• CHARLES AND MARIE-LAURE DE NOAILLES
    THE DAKAR DJIBOUTI
    MISSION
    «Dege»mask, Dogon, collected in Opti, Mali, in 1931, tage wood, Musée du quai Branly
  • CHARLES ET MARIE-LAURE DE NOAILLES
    LA MISSION DAKAR DJIBOUTI
    Statuette féminine «Asogba», Fon, collectée à Ouémé, Bénin, en 1931, terre cuite, Musée du quai Branly
  • CHARLES AND MARIE-LAURE DE NOAILLES
    THE DAKAR DJIBOUTI MISSION
    Zoomorph figurine, Haoussa, collected in Cotonou, Benin, in 1931, copper, Musée du quai Branly

  • CHARLES AND MARIE-LAURE DE NOAILLES
    THE DAKAR DJIBOUTI MISSION
    Anthropomorphic figurines «Yiri mogoni», Bamana, collected in Ségou, Mali, in 1931, wood, Musée du quai Branly
  • CHARLES AND MARIE-LAURE DE NOAILLES
    THE DAKAR DJIBOUTI MISSION
    One skin drum «Dodo wulo», Bamama, collected in Mopti, Mali, in 1931, calabash, reptile skin, Musée du quai Branly
  • CHARLES AND MARIE-LAURE DE NOAILLES
    THE DAKAR DJIBOUTI MISSION
    Sistrum «Wándyerma», Dogon, collected in Mopti, Mali, in 1931, calabash, Musée du quai Branly
  • CHARLES AND MARIE-LAURE DE NOAILLES
    THE DAKAR DJIBOUTI MISSION
    Painted stone, Dogon, collected in Opti, Mali, in 1931, wood, pigments, Musée du quai Branly
  • CHARLES AND MARIE-LAURE DE NOAILLES
    THE DAKAR DJIBOUTI MISSION
    «Mbáta» stool, Banda or Bangi ou Nzakara, collected in Bangassu, in 1931, kámbatya (banda) wood - mbe (bangi), Musée du quai Branly
  • CHARLES AND MARIE-LAURE DE NOAILLES
    THE DAKAR DJIBOUTI MISSION
    Portrait of an Ethiopian man, «Gojam», Amhara, collected in Amara, Ethiopia, in 1932-33, drawing on paper, Musée du quai Branly
  • CHARLES AND MARIE-LAURE DE NOAILLES
    THE DAKAR DJIBOUTI MISSION
    Programm cover of the Boxing gala in Cirque d'Hiver, May 15th 1931.
    Reproduction d'après original.
    Source : Chancellerie des Universités de Paris / Bibliothèque Littéraire Jacques Doucet / Fonds Michel Leiris.
  • Charles and Marie-Laure de Noailles screen capture from the film “Biceps and Jewellery”, 1928.  Directed by: Jacques Manuel,  CNAC-Archives du film
  • Charles et Marie-Laure de Noailles 1929 Photomaton Coll. Particulière
Exhibitions 2012
design parade 7
Charles and Marie-Laure de Noailles, a life as patrons horaires
THE DAKAR - DJIBOUTI MISSION
Science, poetry and patronage for the benefit of ethnology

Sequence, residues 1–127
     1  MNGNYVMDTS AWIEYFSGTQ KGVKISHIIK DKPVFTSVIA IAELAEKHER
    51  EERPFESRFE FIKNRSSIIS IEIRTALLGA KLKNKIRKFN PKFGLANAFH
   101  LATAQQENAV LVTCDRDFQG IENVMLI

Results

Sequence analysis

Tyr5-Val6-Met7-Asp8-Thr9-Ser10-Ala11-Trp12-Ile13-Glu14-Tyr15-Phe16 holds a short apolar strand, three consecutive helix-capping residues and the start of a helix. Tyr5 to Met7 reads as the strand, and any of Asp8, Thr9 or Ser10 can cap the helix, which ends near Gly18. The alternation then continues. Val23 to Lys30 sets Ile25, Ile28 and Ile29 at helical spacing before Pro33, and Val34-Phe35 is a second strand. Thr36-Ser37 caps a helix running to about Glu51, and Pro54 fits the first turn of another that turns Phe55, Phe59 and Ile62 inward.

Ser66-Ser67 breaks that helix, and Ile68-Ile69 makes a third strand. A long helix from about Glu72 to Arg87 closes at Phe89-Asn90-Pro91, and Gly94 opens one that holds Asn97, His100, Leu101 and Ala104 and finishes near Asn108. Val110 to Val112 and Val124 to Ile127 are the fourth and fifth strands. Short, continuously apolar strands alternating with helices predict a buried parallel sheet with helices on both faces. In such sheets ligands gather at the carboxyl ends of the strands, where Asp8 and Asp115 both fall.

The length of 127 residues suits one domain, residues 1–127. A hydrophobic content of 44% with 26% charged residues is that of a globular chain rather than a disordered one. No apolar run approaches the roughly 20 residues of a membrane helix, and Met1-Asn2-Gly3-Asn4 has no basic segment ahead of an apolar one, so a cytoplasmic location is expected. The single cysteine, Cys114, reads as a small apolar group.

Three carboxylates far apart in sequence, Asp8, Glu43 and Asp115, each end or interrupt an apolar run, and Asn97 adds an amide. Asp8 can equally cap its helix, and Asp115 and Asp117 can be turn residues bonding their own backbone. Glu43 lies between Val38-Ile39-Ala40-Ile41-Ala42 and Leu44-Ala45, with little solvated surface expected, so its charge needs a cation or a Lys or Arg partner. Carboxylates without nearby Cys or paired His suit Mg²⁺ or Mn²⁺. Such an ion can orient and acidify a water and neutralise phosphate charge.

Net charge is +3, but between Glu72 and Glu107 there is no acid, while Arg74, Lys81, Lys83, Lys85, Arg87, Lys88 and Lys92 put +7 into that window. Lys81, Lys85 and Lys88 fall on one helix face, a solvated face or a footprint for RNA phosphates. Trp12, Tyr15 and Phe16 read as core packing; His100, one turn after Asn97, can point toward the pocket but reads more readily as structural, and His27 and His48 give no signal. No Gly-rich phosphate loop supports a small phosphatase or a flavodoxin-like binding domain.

Charles and Marie-Laure de Noailles are largely recognised for the support they offered artists, cinematographers, musicians and intellectuals of their period. Their interest in ethnography – or more precisely Charles’s interest in the subject – is almost entirely ignored. However, this particularly important chapter within the history of their patronage and tastes, deserves greater attention. Whilst the David-Weills’ and Baron von der Heydt were both creating important collections of African or Oceanic arts, the Viscount, on the other hand, devoted his attention over a ten year period to the expansion and renovation of the Ethnographic Museum at the Trocadéro, which was to become the future Musée de l’Homme (Museum of Man). This modernisation was started in 1928 with the nomination of Paul Rivet as its director and Charles de Noailles as president of the Société des Amis du Musée d’Ethnographie (the Society of Friends of the Museum of Ethnography, or SAMET). Thanks to the Viscount’s intervention, Rivet employed Georges-Henri Rivière, a critic who wrote for the Cahiers d’Art, an amateur of jazz and modern art, and an individual who would also become a key figure within the project. A pillar to the museum, he was responsible for revolutionising how the collections were presented and challenging museum traditions, thus providing a breath of fresh air within this stuffy “bric a brac”. However the modernisation taking place within the institution needed to be accompanied by an equal commitment outside of its walls, on the ground itself, thus marking a true break with the past and solidifying the scientific and intellectual ambitions of the museum, in the midst of its own transformation. The opportunity for such an enterprise was proposed by Marcel Griaule, a young explorer who envisioned a great crossing of Africa, from West to East, from Senegal to Eritrea. His project was  enthusiastically received by the museum’s directors and gained the support of both the state and numerous other institutions. This celebrated Dakar-Djibouti Ethnographic and Linguistic Mission was set to capture the imagination of generations of anthropologists and all those with a love for the African continent. The support provided by Charles de Noailles, an already prestigious patron to the Surrealists, had a notable impact on its success: he found funds necessary for its departure and, most certainly, influenced the voting of the bill which financed the expedition. But above all, the Viscount’s involvement offered a totally new collaboration between patronage, recreation, and cultural institutions. In short, he was responsible for accelerating both the museum’s success and its humanist project, allowing visitors to familiarise themselves with the cultures of the world. Ecce homo.